One of them is Sarah Tandy, an irrepressible, energetic classical pianist reborn in the world of jazz. She can’t stop moving, arms shaking to an internal rhythm even before she’s taken a seat at the piano to begin an all-too-brief three-track, 30-minute set. The performance takes the idea of improvisation up a couple of notches: as becomes evident from her between-song explanations, today’s is something of a scratch band – another artist whose debut album is out on Jazz Re:Freshed, trombonist Rosie Turton, whose earlier set melds bop with electronica and recalls the hazy atmospherics of early ’70s Billy Cobham, is part of a group who’ve never played together before. Not that you can tell; each instrument takes its cue from Tandy, whose propulsive playing gives both direction and drive.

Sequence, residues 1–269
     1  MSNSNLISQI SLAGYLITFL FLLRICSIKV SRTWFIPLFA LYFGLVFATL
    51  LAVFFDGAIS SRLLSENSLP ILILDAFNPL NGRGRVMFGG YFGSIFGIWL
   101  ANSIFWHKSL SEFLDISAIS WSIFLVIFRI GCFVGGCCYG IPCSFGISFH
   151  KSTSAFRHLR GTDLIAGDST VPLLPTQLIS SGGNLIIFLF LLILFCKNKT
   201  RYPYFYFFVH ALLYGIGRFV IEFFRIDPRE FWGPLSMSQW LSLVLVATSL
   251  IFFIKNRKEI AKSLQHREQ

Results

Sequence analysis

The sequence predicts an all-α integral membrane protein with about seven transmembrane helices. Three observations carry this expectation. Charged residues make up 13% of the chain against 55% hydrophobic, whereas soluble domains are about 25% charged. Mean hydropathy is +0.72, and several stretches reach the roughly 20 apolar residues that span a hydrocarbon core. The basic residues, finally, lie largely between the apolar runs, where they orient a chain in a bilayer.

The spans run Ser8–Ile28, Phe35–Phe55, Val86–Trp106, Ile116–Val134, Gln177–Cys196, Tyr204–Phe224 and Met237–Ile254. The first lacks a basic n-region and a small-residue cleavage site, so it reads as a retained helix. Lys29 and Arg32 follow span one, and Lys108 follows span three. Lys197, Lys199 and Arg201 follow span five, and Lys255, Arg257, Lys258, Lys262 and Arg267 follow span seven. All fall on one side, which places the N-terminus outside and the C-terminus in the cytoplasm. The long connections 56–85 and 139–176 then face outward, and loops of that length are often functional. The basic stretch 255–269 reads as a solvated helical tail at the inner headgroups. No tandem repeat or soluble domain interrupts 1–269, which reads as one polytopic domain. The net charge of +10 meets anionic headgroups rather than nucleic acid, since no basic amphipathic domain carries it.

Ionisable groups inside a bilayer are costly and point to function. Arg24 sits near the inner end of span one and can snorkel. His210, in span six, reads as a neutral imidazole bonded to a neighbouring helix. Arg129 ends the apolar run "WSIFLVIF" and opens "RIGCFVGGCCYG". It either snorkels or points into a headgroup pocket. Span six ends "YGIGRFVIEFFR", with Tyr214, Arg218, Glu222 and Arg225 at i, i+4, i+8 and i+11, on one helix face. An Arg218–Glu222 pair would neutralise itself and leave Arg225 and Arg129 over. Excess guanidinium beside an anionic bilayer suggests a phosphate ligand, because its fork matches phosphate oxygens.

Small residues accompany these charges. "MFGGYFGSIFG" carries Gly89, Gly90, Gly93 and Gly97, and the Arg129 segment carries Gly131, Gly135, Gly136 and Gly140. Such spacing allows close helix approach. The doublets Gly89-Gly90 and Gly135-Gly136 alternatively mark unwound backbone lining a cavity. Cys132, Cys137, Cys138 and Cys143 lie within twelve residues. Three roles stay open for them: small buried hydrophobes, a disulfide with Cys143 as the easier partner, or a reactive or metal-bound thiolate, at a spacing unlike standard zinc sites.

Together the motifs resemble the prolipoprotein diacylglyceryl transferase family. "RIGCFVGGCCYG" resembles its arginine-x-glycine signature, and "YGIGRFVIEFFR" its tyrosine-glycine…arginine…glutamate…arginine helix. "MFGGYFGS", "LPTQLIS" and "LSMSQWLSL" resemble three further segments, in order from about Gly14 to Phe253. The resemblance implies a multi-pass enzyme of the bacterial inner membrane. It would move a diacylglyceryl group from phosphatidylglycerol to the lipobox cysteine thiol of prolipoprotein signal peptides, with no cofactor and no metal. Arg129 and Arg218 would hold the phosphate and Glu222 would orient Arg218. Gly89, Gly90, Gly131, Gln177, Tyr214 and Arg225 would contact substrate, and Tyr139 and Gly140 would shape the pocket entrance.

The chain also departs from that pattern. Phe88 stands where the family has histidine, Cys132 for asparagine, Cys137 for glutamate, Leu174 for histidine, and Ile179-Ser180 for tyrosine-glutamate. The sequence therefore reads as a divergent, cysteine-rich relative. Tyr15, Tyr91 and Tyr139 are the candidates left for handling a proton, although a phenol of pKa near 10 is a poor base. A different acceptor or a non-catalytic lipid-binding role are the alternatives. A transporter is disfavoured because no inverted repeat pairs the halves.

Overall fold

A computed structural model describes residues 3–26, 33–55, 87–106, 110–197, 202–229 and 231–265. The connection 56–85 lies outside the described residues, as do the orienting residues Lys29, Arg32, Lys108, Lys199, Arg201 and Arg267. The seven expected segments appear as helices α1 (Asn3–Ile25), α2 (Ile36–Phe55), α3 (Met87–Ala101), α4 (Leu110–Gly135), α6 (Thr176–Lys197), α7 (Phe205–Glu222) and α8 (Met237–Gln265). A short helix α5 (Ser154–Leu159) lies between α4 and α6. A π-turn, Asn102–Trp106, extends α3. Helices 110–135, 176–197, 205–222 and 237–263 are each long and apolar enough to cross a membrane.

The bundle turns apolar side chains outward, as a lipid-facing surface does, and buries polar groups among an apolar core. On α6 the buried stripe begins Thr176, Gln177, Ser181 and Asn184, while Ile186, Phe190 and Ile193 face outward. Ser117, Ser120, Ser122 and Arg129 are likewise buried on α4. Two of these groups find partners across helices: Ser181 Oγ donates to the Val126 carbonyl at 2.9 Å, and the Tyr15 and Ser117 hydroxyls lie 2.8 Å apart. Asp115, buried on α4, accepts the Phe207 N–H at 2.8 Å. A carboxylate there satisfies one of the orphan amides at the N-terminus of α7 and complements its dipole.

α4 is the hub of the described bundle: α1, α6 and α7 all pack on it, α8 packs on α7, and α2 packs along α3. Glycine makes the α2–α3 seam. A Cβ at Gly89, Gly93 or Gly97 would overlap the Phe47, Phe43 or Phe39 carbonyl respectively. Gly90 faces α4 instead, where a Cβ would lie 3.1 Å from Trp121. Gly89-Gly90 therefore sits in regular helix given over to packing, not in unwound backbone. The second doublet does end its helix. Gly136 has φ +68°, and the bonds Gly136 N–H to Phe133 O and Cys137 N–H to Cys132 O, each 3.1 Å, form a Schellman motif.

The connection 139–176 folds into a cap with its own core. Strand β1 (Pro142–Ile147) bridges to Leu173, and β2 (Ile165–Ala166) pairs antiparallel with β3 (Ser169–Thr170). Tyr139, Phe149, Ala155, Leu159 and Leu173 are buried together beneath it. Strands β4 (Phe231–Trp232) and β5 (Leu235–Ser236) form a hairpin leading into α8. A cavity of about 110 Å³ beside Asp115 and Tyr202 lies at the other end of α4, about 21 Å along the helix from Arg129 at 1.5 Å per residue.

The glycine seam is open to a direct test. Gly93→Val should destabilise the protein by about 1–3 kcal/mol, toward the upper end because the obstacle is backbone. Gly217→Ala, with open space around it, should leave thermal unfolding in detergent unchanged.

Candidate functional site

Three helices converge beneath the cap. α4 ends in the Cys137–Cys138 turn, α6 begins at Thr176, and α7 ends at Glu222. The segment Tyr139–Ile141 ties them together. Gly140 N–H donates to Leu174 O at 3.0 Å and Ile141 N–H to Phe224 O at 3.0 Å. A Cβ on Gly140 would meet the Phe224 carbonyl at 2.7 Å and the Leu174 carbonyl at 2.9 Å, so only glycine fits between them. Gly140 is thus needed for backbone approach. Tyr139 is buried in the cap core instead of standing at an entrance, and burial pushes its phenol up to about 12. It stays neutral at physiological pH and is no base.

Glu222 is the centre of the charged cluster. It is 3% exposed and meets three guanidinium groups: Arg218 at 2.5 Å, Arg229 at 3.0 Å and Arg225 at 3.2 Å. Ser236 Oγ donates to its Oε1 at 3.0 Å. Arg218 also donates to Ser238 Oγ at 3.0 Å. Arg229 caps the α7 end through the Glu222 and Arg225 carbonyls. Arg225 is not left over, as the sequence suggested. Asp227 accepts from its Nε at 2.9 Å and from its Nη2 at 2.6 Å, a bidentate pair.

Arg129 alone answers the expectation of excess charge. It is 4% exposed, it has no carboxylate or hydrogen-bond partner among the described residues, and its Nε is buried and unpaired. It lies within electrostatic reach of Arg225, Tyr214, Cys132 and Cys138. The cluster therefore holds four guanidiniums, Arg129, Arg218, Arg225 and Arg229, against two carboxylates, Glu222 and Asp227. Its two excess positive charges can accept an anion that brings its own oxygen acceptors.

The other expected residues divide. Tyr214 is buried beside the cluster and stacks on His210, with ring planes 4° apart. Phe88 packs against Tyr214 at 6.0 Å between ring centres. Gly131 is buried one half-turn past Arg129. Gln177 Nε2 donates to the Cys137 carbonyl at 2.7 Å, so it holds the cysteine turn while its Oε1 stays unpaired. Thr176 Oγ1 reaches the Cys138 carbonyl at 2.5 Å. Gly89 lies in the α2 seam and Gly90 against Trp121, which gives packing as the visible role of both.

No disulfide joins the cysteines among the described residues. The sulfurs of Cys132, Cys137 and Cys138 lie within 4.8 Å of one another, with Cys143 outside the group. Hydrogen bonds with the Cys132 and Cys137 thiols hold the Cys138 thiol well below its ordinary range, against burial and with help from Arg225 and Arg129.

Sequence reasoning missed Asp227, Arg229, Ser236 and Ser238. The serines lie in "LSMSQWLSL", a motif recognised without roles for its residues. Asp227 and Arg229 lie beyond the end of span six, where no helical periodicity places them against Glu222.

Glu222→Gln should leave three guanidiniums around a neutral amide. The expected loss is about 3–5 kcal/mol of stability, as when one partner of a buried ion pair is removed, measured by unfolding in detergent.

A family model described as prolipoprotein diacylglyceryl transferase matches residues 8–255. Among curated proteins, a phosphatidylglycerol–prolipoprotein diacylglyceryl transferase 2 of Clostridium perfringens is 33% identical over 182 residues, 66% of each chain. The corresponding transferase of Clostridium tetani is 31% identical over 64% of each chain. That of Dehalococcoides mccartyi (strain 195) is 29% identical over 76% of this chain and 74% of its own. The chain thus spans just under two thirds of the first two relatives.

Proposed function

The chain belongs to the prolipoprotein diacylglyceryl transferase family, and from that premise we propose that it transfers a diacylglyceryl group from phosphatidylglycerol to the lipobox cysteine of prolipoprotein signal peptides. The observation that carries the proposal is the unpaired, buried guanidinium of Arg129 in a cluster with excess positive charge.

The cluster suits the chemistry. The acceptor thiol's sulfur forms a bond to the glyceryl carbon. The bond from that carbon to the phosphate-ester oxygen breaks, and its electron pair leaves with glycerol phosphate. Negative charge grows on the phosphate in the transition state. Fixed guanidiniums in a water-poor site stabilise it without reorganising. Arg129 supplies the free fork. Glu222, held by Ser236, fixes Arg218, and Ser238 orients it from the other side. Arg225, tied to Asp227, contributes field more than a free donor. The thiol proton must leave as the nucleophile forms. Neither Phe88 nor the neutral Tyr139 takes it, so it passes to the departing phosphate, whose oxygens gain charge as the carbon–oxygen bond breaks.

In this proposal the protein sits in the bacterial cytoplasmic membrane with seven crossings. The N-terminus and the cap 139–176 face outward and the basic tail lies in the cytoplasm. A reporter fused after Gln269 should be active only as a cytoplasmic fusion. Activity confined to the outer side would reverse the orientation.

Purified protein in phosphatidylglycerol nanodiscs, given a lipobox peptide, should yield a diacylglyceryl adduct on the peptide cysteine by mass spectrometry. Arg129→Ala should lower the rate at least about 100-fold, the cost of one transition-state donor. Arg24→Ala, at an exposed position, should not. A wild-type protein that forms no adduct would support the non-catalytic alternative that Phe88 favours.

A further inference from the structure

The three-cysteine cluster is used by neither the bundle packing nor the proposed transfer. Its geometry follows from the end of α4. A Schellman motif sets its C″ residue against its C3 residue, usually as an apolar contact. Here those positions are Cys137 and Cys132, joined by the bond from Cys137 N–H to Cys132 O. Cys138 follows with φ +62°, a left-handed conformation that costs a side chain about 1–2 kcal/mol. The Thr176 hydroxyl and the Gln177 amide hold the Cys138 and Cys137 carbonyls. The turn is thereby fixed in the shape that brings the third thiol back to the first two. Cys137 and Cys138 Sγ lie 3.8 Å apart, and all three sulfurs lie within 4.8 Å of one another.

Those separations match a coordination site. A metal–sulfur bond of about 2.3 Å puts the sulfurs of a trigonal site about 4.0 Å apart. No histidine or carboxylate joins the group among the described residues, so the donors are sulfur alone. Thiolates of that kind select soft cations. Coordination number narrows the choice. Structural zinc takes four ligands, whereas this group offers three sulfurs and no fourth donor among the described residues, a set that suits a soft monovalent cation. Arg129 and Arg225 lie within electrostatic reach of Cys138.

Kevin Haynes Grupo Elegua fuse African folk idioms with Haynes’ ferocious alto-sax improvisations to at once meditative and preconception-confounding effect. Three bata drummers provide a complicated, shifting soundbed within which piano, sax and vocals reside. Like vocalist Zara McFarlane – a fellow guest on Moses Boyd Exodus’ Displaced Diaspora album; more wheels within wheels – they shine brightest when working at the edges of what established tradition normally encompasses. McFarlane’s set sparks most vividly to life when her drummer samples her and replays the note to form part of a rhythm track, or when leading the crowd through a wordless melodic chant.